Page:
This year marks the 100th anniversary of the American battles of World War I. A century ago, on May 28, 1918, men from the First Division, American Expeditionary Forces, went “over the top” outside a tiny village called Cantigny, in northern France, to conduct the first all-American offensive action of the war. A week later, two regiments of U.S. Marines had their baptism of fire in a bucolic place called Belleau Wood, in the Marne River Valley east of Paris. In the six months that followed, some 2 million U.S. soldiers, Marines and Navy sailors served and fought in 12 separate campaigns and the occupation of Germany that followed. More than 100,000 of those men and women did not return, and some 30,000 rest in American cemeteries in France, Belgium and the United Kingdom.
Over the coming months, the U.S. Army and Marine Corps will conduct a number of observances, both here at home and in Europe, to commemorate America’s involvement in World War I. The U.S. government has also formed a World War I Centennial Commission, with the mission of raising awareness and education across the country. The commission is engaged in a campaign to construct a National World War I Memorial in Washington.
Frank Buckles, of West Virginia, the last living American veteran of World War I, passed away in 2011. His death accelerated our national process of forgetting about the “Great War,” as many termed it at the time. This neglect is not a recent development, however. Even as American troops shipped out “over there” in 1917, the nation was deeply divided over U.S. involvement in the conflict. A nation in the process of receiving thousands of immigrants from the belligerent nations, one whose domestic politics included voting restrictions for most women and Jim Crow legislation reducing blacks to second-class citizens, as well as labor disputes and violence, could hardly be otherwise. The United States mobilized some 4 million men and women to serve during the war, and suffered almost 300,000 casualties in the horrific fighting in Europe.
The fractious, imperfect peace that followed, including President Woodrow Wilson’s failed League of Nations, added to the national ambivalence over the conflict advertised by many as a “war to end all wars.” The experience of black soldiers, thousands of whom volunteered and served overseas, fighting a two-sided war against a battlefield enemy and their own systematic oppression at home, awakened the civil rights movement while it added to the national uncertainty about what the war meant. The war catapulted the U.S. into a global leadership role that it was, at the time, unwilling to accept, and it spawned socio-political resistance and rebellion in the form of socialist movements, the Jazz Age and the “Roaring Twenties.” The advent of the Great Depression and the coming of another world war, which came to be seen as an unalloyed Good War, allowed many in America to put aside the experiences of 1914-18.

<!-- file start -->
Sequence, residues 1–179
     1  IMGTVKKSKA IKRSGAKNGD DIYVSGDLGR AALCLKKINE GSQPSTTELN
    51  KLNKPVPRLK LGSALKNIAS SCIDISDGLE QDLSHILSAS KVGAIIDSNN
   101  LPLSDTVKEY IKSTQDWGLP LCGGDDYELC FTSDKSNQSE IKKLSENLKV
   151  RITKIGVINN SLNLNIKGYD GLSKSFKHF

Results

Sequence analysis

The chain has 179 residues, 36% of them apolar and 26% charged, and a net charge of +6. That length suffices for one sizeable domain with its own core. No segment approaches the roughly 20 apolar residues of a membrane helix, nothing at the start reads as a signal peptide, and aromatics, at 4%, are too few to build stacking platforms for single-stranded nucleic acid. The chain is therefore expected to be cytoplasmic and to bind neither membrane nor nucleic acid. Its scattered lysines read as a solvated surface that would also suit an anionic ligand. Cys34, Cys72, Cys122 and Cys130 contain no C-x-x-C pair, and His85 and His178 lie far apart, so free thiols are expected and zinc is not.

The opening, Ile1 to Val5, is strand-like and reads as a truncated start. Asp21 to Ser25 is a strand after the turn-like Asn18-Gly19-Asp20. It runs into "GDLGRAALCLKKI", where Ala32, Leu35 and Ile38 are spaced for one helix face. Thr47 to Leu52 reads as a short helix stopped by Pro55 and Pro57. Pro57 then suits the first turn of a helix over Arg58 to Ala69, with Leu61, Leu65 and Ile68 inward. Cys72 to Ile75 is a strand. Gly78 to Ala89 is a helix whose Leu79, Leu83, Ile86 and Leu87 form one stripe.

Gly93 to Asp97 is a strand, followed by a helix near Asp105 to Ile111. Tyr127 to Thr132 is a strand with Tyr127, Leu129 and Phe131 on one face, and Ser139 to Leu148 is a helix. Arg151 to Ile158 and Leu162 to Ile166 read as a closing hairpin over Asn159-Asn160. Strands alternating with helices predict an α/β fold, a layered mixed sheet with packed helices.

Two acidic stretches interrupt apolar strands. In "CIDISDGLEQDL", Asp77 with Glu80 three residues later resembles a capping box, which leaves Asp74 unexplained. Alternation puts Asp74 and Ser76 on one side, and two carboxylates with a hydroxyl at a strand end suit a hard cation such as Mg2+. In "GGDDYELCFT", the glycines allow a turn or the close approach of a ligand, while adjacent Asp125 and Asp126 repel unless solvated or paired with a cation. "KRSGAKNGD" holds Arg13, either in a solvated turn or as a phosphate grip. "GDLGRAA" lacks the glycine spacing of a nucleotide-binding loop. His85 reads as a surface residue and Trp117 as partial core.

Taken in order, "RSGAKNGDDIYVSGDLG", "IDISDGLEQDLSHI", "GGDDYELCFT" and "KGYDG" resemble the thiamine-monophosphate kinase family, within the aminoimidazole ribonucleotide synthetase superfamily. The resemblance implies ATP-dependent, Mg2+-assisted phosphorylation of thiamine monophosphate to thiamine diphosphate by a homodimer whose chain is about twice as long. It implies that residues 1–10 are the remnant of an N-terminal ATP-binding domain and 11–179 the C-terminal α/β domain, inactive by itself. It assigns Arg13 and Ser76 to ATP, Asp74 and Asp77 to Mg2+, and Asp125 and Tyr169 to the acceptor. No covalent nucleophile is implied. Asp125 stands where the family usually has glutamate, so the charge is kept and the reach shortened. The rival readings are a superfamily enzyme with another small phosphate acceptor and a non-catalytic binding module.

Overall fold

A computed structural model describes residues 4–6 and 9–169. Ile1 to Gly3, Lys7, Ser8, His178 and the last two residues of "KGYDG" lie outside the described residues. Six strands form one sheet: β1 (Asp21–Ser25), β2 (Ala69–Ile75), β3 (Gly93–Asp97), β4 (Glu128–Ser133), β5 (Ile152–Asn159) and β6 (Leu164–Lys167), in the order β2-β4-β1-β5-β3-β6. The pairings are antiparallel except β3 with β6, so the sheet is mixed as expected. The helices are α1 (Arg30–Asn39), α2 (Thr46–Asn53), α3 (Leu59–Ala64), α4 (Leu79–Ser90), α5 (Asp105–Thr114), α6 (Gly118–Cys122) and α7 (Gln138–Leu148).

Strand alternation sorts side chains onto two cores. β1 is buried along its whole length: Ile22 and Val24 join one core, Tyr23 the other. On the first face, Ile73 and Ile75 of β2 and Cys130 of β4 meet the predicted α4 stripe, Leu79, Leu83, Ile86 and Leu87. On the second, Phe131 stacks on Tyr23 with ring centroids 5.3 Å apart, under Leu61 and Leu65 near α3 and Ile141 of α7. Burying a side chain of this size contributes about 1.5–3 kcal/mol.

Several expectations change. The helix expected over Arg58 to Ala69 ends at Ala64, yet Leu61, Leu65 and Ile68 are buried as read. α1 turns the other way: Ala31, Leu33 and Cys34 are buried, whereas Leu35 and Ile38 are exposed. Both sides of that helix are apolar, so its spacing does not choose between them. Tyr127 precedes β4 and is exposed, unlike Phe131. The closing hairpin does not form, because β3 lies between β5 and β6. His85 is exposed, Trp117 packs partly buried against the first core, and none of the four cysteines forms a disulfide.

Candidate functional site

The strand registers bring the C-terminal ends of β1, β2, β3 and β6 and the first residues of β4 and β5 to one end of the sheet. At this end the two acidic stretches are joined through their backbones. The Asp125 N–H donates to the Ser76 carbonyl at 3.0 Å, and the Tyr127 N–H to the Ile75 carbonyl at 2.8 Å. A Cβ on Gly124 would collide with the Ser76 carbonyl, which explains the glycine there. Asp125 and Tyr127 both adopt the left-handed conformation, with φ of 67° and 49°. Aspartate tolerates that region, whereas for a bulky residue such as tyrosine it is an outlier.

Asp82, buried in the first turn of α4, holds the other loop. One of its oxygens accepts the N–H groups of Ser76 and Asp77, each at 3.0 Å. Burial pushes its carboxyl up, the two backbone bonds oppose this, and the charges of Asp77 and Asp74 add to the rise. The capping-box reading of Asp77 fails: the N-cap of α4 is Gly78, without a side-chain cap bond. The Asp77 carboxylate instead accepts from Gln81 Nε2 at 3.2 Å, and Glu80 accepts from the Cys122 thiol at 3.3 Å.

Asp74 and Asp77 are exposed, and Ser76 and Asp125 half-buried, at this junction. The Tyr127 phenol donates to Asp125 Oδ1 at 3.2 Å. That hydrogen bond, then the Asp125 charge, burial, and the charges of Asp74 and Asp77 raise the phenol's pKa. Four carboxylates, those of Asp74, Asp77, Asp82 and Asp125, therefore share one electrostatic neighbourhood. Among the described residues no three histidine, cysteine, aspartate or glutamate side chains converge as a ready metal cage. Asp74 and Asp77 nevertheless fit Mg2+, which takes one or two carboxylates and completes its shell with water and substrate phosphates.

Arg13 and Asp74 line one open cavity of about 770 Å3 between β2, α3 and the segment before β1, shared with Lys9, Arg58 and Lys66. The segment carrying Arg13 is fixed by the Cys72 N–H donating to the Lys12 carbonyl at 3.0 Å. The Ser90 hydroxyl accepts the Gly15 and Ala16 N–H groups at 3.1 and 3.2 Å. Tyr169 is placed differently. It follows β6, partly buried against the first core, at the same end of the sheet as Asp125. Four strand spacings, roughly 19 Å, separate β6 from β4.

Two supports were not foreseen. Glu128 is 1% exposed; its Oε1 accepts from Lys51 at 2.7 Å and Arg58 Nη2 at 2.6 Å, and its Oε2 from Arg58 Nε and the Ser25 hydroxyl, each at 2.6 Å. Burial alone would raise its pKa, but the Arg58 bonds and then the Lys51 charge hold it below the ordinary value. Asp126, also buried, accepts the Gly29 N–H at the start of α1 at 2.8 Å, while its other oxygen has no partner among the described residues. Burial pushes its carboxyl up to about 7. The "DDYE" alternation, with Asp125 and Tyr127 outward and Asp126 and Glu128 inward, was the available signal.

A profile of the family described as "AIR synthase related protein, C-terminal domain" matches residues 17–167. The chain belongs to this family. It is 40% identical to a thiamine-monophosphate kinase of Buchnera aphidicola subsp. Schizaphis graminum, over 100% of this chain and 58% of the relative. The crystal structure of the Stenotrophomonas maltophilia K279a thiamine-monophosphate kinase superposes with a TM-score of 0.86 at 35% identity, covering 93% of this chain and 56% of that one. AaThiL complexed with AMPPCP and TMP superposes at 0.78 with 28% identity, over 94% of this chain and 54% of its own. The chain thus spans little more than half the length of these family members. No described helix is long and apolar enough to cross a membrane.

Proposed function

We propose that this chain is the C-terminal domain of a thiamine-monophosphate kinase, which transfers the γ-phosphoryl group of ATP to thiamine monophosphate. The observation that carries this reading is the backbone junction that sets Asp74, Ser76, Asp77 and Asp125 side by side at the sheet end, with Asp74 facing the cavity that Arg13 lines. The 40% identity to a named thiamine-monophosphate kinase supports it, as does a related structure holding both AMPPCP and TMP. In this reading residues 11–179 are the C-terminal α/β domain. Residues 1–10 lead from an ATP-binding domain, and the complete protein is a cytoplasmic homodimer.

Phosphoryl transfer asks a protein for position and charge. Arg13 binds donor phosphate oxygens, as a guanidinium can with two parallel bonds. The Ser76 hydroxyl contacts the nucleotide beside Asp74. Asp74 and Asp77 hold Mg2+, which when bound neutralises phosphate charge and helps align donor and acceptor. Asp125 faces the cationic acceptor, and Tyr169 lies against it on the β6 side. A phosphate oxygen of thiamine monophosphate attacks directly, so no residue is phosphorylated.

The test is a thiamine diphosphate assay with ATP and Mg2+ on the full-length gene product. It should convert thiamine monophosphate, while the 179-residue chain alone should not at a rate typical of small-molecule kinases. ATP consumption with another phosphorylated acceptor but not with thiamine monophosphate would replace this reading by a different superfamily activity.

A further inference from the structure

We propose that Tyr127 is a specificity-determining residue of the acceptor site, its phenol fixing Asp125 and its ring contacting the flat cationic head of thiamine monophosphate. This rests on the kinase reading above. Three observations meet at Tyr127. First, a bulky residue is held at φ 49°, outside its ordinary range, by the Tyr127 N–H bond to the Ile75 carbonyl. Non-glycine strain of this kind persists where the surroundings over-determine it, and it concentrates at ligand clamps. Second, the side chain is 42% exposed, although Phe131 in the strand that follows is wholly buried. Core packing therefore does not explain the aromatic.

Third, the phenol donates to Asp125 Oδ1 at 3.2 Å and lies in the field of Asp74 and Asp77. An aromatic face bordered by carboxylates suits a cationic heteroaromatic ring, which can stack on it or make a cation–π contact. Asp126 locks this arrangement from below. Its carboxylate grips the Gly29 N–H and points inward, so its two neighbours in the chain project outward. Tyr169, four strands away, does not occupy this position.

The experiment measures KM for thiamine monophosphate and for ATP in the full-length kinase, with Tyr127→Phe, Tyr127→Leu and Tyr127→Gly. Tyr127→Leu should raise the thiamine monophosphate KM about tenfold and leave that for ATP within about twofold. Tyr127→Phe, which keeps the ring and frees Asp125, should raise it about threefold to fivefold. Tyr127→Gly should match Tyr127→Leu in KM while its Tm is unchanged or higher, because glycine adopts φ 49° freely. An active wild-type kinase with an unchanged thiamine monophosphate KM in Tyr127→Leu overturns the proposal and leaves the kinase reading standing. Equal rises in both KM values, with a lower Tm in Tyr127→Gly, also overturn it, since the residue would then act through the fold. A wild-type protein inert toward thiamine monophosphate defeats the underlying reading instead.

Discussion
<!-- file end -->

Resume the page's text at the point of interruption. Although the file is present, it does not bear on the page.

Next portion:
American society likes to remember its martial past in black and white, with technologically advanced and numerous American fighting men always on the side of good, and a triumphant process of victory followed by reconciliation. This is the way the nation came to remember its own Civil War, even as it accommodated the losing side in our collective memory and marginalized black voices until very recently. World War II has become an industry of tourism and remembrance for the U.S. and its allies because it is largely seen in those terms. World War I simply does not fit this framework; it offers more frustration than closure, more conflict than resolution.
For the U.S. military, World War I is something of an origin story. A soldier, sailor, Marine, airman or Coast Guardsman serving today would recognize his or her counterpart in 1918; the policies, procedures and technologies that underpin our 21st-century forces saw their beginnings in World War I. For GIs, this centennial is a teachable moment, and it is worthwhile for young men and women in uniform to understand the scale of national mobilization in that war. The vast majority of those 4 million were citizen-soldiers, volunteers from civilian life.
I would encourage all Americans to learn about the World War I era. There are echoes of this age in literally every aspect of our lives today. Research your family’s World War I history. Look around wherever you live; you will probably see a World War I memorial or a building dedicated to those who served in the war. They are all around us, as the national commission’s “Hundred Cities, Hundred Memorials” campaign so aptly describes. Take a moment to learn about the wartime experiences of blacks and women. Investigate the cultural impact of Americans abroad: Did you know that black soldiers introduced jazz to Europe? American women used their service in many wartime roles to jumpstart the women’s suffrage movement that gained them the right to vote in 1919. Indeed, the timing of the 19th Amendment is not a coincidence. Read or reread “The Great Gatsby,” and consider it as a work of war literature. If business or pleasure travel takes you to Europe, plan a visit to a cemetery or memorial administered by the American Battle Monuments Commission. You will come away with a different perspective of our place in the world, and your place as an American citizen.
In whatever way you can, resolve to capitalize on the World War I Centennial. By taking this opportunity to remember, but more importantly to learn from the perspective that the past can offer us, we can arrest the slow drip of forgetting about the single most formative event in modern American history.
Charles R. Bowery Jr. is executive director of the United States Army Center of Military History.